Does your financial situation scare you?
The Global Financial Literacy Excellence Center at The George Washington University recently found that 36 percent of American working adults aged 25 to 60 are considered “financially fragile." This is defined as having the inability to either cope with an immediate $400 expense or the inability to come up with $2000 in 30 days. Being financially fragile means that something like a car repair or a medical bill can cause a chain reaction of financial issues that can take years to mend.
Being financially fragile can be a scary, lonely feeling that can lead to stress and anxiety on top of your financial woes. Here are a few tips that help you become less financially fragile.
If you don’t have a budget in place already, take the time to establish one now. No one loves making a budget, but taking an inventory of your expenses each month is essential to assure you don’t fall deeply into debt.
A budget also helps you determine where you can cut corners to stretch your income. We won’t get all preachy about cutting out your morning latte, but there’s a good chance that you can find something to nix from your day-to-day spending.
Pay yourself first
Make sure that your budget includes a line for savings, if possible. Even if it’s five dollars or five percent of your monthly income to start, your savings will add up quickly. This reserve can help you stop living paycheck to paycheck while also alleviating concern over covering emergency expenses.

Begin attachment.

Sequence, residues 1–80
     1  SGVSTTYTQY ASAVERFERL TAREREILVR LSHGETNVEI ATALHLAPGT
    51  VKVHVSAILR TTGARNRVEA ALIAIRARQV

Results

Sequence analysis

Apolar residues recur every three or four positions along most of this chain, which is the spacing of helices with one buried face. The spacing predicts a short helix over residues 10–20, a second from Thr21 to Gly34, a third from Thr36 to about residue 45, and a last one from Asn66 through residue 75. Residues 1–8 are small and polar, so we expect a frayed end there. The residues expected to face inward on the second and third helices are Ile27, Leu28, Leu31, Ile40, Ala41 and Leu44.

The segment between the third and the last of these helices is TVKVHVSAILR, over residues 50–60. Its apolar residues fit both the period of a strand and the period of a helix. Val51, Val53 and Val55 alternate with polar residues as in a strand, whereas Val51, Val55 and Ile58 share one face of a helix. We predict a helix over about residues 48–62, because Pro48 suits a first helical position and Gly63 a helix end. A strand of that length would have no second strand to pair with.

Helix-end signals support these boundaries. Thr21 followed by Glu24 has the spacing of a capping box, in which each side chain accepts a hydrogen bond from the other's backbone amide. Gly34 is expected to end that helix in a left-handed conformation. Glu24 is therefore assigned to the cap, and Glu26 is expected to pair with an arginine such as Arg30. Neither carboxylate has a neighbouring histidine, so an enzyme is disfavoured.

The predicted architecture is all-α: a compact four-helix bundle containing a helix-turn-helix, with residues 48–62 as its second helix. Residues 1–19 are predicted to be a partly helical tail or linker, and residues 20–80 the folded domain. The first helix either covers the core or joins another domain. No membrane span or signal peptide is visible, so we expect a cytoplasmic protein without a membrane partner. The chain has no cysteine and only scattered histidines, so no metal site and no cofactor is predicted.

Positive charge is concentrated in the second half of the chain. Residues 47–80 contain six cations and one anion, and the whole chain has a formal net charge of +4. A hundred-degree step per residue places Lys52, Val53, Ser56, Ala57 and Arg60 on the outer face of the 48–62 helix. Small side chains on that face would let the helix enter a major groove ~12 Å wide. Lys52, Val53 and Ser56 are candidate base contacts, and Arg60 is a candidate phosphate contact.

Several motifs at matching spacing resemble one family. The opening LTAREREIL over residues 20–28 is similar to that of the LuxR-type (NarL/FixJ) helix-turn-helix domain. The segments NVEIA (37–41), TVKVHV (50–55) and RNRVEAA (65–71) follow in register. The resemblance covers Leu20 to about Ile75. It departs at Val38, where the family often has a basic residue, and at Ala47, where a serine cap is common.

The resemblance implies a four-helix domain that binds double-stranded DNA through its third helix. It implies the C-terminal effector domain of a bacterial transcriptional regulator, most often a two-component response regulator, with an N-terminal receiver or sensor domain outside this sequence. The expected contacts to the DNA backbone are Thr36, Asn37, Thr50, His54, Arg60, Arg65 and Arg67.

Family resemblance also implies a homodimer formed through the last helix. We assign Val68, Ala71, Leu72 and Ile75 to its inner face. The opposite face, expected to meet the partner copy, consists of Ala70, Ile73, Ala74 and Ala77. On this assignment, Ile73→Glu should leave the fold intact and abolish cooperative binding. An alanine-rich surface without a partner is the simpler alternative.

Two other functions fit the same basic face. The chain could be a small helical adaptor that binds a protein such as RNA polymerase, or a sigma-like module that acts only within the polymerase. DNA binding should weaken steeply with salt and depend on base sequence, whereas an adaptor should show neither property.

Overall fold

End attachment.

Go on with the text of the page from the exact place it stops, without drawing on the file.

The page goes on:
Choose a savings account with a good interest rate to watch your savings grow faster. Once you have enough saved, transfer it into a Money Market or Certificate for a higher return on your deposits. This will help you cushion your emergency fund, and in time, allow you to clearly establish a path toward achieving your savings goals, such as a new car, a family vacation, or needed home repairs.
Even if retirement seems distant, it’s never too early to start saving for it, especially if your employer offers a match. By setting aside a small percentage of your monthly income, your retirement savings will help you avoid working longer and keep you financially stronger in your golden years.
Just make sure you are putting away a percentage that allows you to afford everything in your day-to-day life. Otherwise, if you must withdraw funds to cover emergency expenses, you will pay some steep penalties.
Use credit cards wisely
Using a credit card to stretch or cover expenses can be tempting. It might help immediately, but it can hurt in the long run. A credit card is still a loan that has to be paid off. When using a card, keep in mind:
- Paying only the monthly minimum payment can lead to spending hundreds, if not thousands, more on interest.
- Pay your cards on time to avoid late fees or dings to your credit report.
- If you can’t make a payment, call your credit card issuer to see if there are alternative payment arrangements that can be made.
Automate your payments
By automating your payments for cell phone bills, car payments, your mortgage and the like, you make it less likely that you’ll forget to send a payment or that you will pay it late. Avoiding those hassles means you also avoid paying late fees that can add up and cut into your savings.
Don’t spend your pay increase
Are you expecting a raise this year? Instead of increasing your spending as your pay increases, put that extra income into your savings account to cushion your emergency fund even more.
For a more in-depth look at "Does Your Financial Situation Scare You?", please visit: www.717cu.com/KOFE. Once you proceed to the KOFE site, select “Financial Publications” from the KOFE Table drop-down menu. 7 17 has partnered with KOFE (Knowledge of Financial Education) to provide free financial education tools to help support members’ long-term financial health. Resources include publications, videos and more. Plus, you have free access to financial coaches, seven days a week!